Walgreens is set to pay the City of San Fran millions for improper distribution of opioids.
In many ways, pharmacies are the first line of defense against the opioid crisis. Many of the drugs that are causing problems for so many individuals and families flow through pharmacies, which are tasked with properly distributing the drugs according to prescriptions provided by healthcare professionals. A stringent system of checks, balances, and restrictions is in place to limit the frequency of opioid drugs falling into the wrong hands. Unfortunately, that system doesn’t always work, or isn’t always executed properly by pharmacies and their owners. One recent case involving the City of San Francisco and Walgreens pharmacy chain highlights this issue and just how much work is left to be done to achieve better outcomes.
There is a tremendous amount of pressure placed on individual pharmacists when trying to combat the illegal use of opioid drugs. With countless people trying various means to acquire these drugs, licensed pharmacists need to rely on what they are provided in order to follow regulations and make sure drugs only land in the hands of people who have been prescribed them properly.
The City of San Francisco argued in this case that Walgreens as a company did not provide pharmacists with the necessary tools and resources to successfully manage the distribution of addictive drugs. Instead, those pharmacists were pressured to fill prescriptions quickly in order to keep business moving along, rather than always sticking to the required due diligence measures. The city alleged that these issues had been going on for a period of 15 years and had caused extensive damage to countless people in and around the Bay Area.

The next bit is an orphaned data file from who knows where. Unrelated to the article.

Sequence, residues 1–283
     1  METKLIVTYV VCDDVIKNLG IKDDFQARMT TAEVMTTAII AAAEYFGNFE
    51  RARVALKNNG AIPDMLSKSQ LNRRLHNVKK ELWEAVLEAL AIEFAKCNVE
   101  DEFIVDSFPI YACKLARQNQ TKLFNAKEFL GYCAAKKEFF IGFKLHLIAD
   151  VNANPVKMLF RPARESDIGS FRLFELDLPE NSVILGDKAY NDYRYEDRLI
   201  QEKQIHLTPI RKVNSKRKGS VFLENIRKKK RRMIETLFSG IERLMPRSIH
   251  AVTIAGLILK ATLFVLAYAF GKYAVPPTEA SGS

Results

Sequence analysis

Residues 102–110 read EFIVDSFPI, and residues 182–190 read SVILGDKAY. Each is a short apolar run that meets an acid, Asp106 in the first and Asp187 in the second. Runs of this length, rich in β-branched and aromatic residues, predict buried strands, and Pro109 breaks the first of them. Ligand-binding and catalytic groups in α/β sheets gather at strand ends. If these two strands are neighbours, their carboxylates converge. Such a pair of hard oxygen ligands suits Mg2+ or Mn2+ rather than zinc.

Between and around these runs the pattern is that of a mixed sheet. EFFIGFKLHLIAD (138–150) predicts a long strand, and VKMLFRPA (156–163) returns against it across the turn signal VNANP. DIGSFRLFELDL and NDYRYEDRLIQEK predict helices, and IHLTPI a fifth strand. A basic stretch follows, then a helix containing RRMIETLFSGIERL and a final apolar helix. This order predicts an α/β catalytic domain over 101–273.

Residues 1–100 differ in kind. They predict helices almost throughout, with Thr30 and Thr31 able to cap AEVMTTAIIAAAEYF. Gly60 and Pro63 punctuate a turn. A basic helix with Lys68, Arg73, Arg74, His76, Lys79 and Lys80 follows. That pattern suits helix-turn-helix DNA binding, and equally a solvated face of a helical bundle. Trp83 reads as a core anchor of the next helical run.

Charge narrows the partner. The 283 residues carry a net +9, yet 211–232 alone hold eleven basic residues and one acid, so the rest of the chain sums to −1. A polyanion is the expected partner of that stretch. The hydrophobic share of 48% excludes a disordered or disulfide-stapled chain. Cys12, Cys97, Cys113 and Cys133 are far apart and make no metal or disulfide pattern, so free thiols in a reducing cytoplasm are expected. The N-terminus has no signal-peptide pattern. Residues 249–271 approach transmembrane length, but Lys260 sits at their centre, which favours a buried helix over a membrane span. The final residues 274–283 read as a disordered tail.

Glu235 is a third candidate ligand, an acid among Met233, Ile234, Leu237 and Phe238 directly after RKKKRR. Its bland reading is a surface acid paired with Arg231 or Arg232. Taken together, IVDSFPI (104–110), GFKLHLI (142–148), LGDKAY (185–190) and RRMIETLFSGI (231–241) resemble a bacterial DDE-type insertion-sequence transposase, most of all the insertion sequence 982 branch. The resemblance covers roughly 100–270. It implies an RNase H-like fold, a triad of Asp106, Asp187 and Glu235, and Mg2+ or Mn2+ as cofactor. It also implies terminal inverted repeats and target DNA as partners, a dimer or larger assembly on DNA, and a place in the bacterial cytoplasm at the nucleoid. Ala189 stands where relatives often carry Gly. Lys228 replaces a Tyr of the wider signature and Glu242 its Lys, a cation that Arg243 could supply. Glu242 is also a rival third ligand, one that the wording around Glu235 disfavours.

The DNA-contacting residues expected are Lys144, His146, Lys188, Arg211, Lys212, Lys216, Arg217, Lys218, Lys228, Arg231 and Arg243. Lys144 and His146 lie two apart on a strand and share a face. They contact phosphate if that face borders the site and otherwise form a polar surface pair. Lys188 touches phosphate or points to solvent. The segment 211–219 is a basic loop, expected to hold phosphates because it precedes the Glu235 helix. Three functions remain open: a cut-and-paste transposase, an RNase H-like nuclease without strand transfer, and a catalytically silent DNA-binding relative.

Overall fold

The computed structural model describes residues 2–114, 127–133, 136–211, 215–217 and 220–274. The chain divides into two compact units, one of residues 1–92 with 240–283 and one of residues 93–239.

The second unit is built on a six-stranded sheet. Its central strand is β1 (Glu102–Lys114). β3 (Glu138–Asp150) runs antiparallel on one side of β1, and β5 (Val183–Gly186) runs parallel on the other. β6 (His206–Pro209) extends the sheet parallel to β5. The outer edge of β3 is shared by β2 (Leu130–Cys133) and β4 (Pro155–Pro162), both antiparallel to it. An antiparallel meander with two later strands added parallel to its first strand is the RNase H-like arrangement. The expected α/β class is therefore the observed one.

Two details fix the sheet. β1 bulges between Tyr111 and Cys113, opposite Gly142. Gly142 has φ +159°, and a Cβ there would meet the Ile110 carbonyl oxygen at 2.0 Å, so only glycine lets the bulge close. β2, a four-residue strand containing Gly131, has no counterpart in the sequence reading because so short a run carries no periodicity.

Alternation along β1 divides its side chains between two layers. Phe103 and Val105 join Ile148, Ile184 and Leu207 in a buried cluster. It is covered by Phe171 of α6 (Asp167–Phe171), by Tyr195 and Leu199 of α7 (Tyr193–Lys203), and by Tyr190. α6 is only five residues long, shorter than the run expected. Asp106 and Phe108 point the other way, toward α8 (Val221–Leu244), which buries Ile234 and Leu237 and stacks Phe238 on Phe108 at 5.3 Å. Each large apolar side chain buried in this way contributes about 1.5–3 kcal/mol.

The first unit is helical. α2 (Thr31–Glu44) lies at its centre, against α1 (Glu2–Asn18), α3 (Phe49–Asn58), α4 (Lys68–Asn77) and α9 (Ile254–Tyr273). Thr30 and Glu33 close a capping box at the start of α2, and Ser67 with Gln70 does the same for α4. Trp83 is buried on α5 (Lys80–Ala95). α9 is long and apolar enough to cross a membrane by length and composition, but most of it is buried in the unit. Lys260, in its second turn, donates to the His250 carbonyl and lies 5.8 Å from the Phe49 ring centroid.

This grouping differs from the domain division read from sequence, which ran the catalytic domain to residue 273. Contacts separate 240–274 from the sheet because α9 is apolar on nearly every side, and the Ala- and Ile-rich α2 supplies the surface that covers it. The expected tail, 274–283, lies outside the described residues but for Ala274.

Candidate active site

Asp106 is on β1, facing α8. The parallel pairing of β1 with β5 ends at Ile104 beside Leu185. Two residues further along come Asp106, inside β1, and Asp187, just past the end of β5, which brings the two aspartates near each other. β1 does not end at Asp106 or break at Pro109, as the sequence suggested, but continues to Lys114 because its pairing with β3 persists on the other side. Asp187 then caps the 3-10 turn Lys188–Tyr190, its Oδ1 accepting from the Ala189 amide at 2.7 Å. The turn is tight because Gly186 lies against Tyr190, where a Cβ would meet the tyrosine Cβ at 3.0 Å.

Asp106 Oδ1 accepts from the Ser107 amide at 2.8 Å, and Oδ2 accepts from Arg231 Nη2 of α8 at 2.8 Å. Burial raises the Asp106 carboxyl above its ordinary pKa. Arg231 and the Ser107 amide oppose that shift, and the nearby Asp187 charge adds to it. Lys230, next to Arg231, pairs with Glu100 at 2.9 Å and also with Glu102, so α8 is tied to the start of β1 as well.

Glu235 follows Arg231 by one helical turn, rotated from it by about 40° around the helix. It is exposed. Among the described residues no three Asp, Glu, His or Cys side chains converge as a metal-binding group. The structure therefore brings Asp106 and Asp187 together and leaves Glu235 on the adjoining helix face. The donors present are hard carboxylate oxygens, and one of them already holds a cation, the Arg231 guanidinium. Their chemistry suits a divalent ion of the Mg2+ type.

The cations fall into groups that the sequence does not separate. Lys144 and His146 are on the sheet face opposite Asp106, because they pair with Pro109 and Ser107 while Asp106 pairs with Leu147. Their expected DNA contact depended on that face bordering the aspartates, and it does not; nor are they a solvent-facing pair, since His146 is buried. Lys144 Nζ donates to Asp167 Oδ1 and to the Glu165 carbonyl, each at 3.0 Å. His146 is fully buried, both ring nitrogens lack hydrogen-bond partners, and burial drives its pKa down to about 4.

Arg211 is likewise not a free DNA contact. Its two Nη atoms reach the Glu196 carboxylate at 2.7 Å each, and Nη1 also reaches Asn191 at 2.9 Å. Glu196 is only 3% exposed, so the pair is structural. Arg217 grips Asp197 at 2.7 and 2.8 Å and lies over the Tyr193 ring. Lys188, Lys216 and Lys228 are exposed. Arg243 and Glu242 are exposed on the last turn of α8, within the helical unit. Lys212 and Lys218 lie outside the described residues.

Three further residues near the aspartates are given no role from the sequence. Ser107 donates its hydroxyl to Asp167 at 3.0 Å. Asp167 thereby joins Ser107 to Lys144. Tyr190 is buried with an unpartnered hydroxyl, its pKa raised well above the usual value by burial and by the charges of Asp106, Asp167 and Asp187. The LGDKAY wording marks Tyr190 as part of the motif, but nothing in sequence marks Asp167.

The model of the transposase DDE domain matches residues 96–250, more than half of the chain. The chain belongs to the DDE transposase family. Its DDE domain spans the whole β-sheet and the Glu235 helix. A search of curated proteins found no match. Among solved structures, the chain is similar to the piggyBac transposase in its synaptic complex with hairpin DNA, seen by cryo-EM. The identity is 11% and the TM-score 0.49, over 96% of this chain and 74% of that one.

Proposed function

In the end, Walgreens is going to be responsible for paying San Francisco a total of around $230 million. That sum will be paid over the course of the next 14 years, and the money is intended to be used in the ongoing battle against opioid problems in the community. Big cities like San Francisco have taken much of the brunt of the opioid crisis, so funds from these kinds of judgments will be important resources in the effort to move past the ever-growing wave of addiction.
The impact of big financial judgments is not only seen in the benefit that these funds can provide to communities, but also in the way corporations choose to do business moving forward. When determining how to operate, big businesses will see that the financial penalties associated with non-compliance on rules and regulations may be more costly than just following those rules tightly in the first place. That could lead to a tightening of the distribution of opioids, and less access for those who have an addiction.
More and more of these types of cases have been piling up around the country, which may be signaling a shift in pharmacy operations nationwide and what responsibility they bear in the fight against the opioid addiction crisis. If it becomes harder for those who are addicted to obtain the drugs they have been abusing, working to beat those addictions may become the more realistic path forward.